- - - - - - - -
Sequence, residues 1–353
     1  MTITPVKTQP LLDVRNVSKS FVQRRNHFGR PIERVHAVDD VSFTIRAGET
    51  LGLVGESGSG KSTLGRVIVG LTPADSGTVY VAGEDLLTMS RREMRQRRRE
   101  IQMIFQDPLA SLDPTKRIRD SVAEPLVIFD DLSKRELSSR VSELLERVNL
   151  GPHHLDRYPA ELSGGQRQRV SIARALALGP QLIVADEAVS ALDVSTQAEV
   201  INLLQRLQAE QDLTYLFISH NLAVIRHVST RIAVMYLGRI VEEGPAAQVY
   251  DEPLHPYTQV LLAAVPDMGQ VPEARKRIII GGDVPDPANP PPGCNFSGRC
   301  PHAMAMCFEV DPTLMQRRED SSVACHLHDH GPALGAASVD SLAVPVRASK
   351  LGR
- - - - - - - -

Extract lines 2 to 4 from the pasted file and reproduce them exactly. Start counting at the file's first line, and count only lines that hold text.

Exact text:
     1  MTITPVKTQP LLDVRNVSKS FVQRRNHFGR PIERVHAVDD VSFTIRAGET
    51  LGLVGESGSG KSTLGRVIVG LTPADSGTVY VAGEDLLTMS RREMRQRRRE
   101  IQMIFQDPLA SLDPTKRIRD SVAEPLVIFD DLSKRELSSR VSELLERVNL